Unlocking the potential of the private sector to improve education

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Significant progress has been achieved in the education sphere since the World Education Forum in Dakar in 2000. In ten years, the number of children attending primary school in the world’s developing countries has risen – by more than 40 million in low- and medium-income countries. This progress has steadily spread into secondary and higher education, too. Yet wider access to education has often been attained at the cost of quality.

Overcrowded classrooms, ageing infrastructures, a lack of qualified teaching staff and insufficient teaching materials are the day-to-day reality for many schools in developing countries. My country Nigeria presents an example of all these challenges. These mixed results are further compounded by wide disparities in access to education depending on gender and social background, as well as persistent low levels of participation in secondary and higher education.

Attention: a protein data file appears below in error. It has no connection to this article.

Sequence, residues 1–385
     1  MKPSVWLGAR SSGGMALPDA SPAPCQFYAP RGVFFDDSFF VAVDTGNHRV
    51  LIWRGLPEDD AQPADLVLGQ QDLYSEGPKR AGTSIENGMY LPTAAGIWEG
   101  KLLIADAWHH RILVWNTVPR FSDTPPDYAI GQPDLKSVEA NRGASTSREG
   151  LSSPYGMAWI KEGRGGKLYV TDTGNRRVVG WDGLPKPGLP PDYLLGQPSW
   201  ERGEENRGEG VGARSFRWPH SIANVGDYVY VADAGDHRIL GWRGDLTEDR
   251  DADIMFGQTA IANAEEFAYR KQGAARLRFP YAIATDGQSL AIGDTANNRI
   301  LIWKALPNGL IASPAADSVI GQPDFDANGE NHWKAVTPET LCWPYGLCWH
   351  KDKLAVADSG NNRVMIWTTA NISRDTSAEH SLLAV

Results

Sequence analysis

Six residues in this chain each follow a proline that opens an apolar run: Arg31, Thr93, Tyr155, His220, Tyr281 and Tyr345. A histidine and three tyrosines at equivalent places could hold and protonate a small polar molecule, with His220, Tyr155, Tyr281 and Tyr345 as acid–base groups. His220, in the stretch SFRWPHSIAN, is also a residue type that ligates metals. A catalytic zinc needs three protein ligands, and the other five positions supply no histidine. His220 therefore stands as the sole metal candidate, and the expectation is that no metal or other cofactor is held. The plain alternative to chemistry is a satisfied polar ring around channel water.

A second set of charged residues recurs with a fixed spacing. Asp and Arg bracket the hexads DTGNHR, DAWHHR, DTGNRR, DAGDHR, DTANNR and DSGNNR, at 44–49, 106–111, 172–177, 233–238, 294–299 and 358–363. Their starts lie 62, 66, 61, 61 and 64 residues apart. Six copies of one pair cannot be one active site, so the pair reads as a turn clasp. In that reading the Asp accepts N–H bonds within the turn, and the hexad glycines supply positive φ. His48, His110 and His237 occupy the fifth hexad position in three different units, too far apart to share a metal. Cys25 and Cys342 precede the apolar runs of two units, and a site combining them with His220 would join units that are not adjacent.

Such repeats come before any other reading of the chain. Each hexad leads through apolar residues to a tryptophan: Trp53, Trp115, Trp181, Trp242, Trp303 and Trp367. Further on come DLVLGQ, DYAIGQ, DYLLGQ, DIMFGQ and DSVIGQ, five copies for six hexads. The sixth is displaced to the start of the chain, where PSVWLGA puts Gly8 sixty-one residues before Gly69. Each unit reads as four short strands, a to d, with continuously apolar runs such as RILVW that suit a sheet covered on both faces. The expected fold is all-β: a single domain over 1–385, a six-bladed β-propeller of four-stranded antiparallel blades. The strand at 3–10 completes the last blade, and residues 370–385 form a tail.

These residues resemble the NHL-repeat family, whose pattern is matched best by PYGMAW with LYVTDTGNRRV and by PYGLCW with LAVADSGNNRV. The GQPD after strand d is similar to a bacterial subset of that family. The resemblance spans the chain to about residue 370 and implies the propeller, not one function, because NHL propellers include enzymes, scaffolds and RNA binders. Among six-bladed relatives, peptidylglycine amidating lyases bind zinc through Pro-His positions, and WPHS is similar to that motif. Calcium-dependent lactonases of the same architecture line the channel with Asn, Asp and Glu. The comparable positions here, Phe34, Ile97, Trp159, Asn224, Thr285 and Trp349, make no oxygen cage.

Massive investment in education systems is vital in order to overcome these challenges. In low- and medium-income countries, the basic education funding deficit is estimated at US$ 38 billion. Over the last decade governments have devoted substantial financial resources to improving their education systems. In sub-Saharan Africa, education is one of the main budgetary items, accounting for nearly 20% of public expenditure. Yet this funding remains inadequate to meet the education needs of a young and fast-growing population. Please Read More At: https://www.proparco.fr/webdav/site/proparco/shared/PORTAILS/Secteur_prive_developpement/PDF/SPD20/Proparco_PSD_20_UK.pdf

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